I’ve said something like this, in one form or another, for over a decade now… to young interns and music journalists just getting their feet wet, tentative about their limited knowledge… to friends and peers who didn’t have the same experiences growing up… to folks older than me overwhelmed by the sheer amount of music available within a click. I don’t completely shuck authority out the window — the opposite is actually true, especially when it comes to historical context — but that’s not what drives me when I stumble across a beloved record or artist, often decades after the fact.
Metallica, Kate Bush, Prince and Linda Rondstadt all came into my life much later, and in them, I brought my own musical paths — slightly out of order, but just right for the time they appeared. That’s why I get excited when someone tells me they haven’t heard an artist canonized by books, zines or word of mouth. They’re going to bring fresh ears to Weezer or Wilco or whatever, call them on their BS, but also fall in love.
This past weekend, I fell in love with Moss Icon, much to the delight of friends and musicians who follow me on Insta. Damian Master from A Pregnant Light responded, “Every time I listen to Moss Icon, which is quite frequent, I feel like making music is futile.”
Listen to the Complete Discography from beginning to end and you hear a punk band blossom and spurt strange limbs. Like, how do you get from the Cro-Magnon crunch of “Mirror” to the lurching and labyrinthine 11-minute “Lyburnum - Wit’s End (Liberation Fly)” in the span of an album? The reckless riff that loads “Locket” smashes the chaos of the Stooges with a Rolling Stones strut. The front half of “Moth” kinda choogles (if you squint and take a swig of something hard)… at the very least the whole thing swings like a spinning top.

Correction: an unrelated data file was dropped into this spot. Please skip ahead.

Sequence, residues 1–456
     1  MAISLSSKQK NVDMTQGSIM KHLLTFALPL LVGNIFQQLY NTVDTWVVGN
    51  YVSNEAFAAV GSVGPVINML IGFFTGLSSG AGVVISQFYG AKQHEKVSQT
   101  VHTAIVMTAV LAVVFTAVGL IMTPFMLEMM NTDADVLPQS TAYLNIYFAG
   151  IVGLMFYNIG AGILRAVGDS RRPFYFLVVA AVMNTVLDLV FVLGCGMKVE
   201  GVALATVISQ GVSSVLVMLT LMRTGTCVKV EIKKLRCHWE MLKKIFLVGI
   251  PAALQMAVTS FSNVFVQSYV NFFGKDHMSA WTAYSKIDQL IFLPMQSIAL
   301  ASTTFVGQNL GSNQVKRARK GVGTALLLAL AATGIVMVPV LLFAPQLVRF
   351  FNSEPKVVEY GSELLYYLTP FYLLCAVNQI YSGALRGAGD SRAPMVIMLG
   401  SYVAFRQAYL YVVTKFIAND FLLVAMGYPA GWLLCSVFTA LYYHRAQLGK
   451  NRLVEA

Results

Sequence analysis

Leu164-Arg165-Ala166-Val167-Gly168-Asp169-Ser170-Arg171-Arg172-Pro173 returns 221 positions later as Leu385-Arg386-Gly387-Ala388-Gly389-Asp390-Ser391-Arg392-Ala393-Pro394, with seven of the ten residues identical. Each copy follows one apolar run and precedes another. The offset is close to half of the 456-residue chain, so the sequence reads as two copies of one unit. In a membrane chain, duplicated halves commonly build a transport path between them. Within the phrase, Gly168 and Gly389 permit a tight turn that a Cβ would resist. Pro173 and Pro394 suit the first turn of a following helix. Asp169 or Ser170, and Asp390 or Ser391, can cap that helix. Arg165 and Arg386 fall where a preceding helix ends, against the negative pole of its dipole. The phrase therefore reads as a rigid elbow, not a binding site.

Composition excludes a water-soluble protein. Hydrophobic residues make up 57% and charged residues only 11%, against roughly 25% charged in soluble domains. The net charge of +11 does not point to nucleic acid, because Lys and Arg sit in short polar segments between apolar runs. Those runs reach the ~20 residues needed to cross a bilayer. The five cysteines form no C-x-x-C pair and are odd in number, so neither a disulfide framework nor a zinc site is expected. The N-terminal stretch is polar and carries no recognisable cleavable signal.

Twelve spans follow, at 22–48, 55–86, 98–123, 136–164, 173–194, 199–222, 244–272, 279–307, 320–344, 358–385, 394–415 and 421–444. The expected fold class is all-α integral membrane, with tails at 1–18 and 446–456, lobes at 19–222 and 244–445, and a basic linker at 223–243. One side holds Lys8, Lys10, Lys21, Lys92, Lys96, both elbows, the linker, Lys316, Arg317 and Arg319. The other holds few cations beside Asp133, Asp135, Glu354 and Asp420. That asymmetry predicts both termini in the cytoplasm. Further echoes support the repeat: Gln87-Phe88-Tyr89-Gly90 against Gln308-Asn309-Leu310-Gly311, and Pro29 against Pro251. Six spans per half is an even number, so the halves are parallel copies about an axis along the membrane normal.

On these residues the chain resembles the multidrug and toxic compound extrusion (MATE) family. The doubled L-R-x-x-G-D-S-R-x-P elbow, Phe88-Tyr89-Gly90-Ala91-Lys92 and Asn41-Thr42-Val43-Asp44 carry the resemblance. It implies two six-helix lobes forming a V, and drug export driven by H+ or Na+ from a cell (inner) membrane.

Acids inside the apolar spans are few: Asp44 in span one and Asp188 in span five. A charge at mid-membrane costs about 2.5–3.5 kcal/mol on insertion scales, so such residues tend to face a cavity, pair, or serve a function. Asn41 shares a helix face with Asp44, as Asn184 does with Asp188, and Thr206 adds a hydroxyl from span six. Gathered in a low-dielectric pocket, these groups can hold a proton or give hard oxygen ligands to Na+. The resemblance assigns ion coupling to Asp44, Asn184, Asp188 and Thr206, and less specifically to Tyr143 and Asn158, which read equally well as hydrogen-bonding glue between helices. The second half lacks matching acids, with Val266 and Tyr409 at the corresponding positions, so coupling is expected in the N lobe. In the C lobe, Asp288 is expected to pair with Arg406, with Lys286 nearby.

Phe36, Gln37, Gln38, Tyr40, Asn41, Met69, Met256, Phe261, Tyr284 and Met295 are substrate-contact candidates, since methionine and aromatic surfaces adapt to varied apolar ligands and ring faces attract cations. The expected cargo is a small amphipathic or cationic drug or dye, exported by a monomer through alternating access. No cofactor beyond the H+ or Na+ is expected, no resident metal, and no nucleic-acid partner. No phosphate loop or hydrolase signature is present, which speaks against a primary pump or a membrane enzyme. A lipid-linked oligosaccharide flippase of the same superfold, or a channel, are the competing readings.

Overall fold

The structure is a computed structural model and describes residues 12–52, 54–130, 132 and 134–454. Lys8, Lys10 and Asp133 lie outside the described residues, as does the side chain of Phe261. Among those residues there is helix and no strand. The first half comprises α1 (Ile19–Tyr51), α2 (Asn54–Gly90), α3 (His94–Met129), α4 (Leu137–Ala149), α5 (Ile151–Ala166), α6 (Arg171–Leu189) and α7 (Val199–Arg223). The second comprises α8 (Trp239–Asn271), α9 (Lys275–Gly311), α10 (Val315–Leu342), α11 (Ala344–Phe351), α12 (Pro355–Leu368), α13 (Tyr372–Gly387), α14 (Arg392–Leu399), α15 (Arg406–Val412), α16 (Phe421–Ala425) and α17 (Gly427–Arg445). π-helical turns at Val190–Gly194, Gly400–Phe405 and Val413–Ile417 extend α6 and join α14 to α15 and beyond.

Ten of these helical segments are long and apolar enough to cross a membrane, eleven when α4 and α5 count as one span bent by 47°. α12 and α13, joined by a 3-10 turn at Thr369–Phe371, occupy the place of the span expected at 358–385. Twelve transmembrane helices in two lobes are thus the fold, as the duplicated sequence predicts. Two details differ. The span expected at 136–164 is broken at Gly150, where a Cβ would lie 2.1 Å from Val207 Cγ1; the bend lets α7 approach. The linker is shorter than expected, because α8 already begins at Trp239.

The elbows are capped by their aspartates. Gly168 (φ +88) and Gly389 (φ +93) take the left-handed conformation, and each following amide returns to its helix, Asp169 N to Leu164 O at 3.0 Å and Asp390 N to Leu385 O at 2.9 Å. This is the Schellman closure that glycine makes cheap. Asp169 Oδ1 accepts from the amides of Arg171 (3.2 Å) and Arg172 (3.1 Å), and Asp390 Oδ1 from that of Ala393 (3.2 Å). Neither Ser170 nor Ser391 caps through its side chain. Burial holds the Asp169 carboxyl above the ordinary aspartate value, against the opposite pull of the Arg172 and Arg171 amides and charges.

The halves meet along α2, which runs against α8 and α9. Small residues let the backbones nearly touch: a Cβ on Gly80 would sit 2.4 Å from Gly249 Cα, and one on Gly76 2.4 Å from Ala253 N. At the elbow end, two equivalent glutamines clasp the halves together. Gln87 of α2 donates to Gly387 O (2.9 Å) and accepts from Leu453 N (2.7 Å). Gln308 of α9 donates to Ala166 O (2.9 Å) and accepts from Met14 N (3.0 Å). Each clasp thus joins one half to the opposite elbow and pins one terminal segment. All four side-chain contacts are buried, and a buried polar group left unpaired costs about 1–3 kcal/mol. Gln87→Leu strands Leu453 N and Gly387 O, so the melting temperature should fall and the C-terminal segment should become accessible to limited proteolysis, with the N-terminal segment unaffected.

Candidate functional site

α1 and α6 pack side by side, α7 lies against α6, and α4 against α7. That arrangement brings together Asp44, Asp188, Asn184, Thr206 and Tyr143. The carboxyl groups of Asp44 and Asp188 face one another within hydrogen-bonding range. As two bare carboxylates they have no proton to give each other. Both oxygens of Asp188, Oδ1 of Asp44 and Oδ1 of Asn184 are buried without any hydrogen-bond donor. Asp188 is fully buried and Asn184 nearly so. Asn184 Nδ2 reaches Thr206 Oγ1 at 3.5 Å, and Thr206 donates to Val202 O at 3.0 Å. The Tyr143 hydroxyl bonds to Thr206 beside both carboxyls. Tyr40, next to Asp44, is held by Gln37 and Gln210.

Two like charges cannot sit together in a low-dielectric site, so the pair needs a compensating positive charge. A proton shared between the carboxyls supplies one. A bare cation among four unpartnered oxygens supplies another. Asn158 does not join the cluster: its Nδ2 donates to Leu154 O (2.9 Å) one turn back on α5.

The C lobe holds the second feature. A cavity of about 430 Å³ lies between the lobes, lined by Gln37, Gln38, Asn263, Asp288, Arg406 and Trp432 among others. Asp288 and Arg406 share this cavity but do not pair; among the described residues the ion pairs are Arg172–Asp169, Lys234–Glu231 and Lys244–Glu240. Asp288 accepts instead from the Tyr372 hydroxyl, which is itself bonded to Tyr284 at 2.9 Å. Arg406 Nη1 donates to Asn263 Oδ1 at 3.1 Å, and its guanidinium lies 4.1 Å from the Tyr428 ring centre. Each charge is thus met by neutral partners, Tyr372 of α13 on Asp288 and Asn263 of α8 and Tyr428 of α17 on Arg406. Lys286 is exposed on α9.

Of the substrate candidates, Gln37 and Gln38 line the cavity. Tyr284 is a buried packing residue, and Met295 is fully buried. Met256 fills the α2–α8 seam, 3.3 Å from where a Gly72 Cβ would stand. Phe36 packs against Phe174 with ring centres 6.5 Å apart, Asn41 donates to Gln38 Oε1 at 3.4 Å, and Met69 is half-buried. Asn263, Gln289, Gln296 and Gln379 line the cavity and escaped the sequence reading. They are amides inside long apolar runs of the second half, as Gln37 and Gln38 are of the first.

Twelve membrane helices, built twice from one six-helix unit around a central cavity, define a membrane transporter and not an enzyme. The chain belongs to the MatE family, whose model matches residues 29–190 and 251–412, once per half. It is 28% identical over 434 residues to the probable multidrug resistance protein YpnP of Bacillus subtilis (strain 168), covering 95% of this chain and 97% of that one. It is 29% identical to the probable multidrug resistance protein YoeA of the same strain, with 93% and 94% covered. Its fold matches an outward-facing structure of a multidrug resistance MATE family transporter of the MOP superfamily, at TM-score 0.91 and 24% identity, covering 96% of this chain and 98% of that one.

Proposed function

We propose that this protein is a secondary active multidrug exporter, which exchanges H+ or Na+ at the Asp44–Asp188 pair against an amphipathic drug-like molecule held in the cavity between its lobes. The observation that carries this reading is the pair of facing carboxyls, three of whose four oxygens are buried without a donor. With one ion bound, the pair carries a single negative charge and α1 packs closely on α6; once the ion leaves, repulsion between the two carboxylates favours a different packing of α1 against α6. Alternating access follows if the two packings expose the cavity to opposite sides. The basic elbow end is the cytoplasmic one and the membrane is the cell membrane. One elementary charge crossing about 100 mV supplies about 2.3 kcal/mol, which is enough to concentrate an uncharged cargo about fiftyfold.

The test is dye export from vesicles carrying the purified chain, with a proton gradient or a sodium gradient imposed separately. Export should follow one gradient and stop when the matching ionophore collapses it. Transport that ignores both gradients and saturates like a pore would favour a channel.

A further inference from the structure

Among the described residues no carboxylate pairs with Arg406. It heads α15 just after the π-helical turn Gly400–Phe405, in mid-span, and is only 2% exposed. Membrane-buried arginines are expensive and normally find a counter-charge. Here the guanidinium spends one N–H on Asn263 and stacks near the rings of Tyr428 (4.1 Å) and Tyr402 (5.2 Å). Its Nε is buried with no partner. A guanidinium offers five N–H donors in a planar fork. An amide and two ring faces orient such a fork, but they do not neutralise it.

So where was Moss Icon all of my life? I’ve been a fan of Tonie Joy’s other bands (Universal Order of Armageddon, The Convocation Of…, Born Against). I now hear the seeds of Moss Icon in so many post-hardcore and emo bands that I’ve loved since high school. I remember when Temporary Residence released this box set in 2012, but maybe it just wasn’t clicking then. Whatever the case, there’s a book to be written about D.C.-adjacent punk bands that never fit the Dischord mold (see also: No Trend) because an hour outside D.C., Annapolis’ Moss Icon seems to have been written out of that history.
But I like coming to Moss Icon now. As much as folks like to paint punk as a youthful pursuit, there’s something deeper at work, a yearning to move forward. There’s a shaggy quality to these songs — a punk band that doesn’t want to be a punk band anymore, tossing itself into the void and hoping that something or someone catches them.
A new sixer (almost) every week. Follow my collection on Bandcamp.
Zao, The Crimson Corridor (Observed/Observer): Nearly three decades later, Zao finally embraces the gloom that’s always lurked behind its ravaged extremes. I think back to “Man in Cage Jack Wilson” often, which always felt like a missed opportunity to me — Liberate Te Ex Inferis‘ closing track was the final descent into hell, a doomy dirge of a riff that endlessly repeats as drums and electronic noise slowly build… but it goes nowhere. In tempos that sway and surge like the blood spilling out of The Shining‘s elevator scene, The Crimson Corridor isn’t so much a course correction but a newfound confidence; Zao still evolves. This is especially true in the final three tracks, which feature long swaths of space-rock spaghetti western textures and hauntingly beautiful doom-prog; it never feels indulgent, but of an unwinding piece. Zao’s feral nature takes on unknown terrors in songs that stretch and swim across a sublime expanse.
Wendy Eisenberg, Cellini’s Halo (Garden Portal): There are some guitarists I know sight unseen (ears unheard?) like Jack Rose, Sonny Sharrock and Munehiro Narita — their modes may change, but their tones and gestures remain. Just when I think I’ve caught onto Wendy Eisenberg’s techniques and figures, they neatly subvert my expectations with a steady style all their own. In just a four-year span, we’ve gotten song-based, avant-tinged indie-pop, punk and rock records, but also solo guitar explorations like this one. Shape clusters expand and contract like wizards dancing on the head of a pin, each track develops on the last idea until a Brill Building-style melody forms and fractures.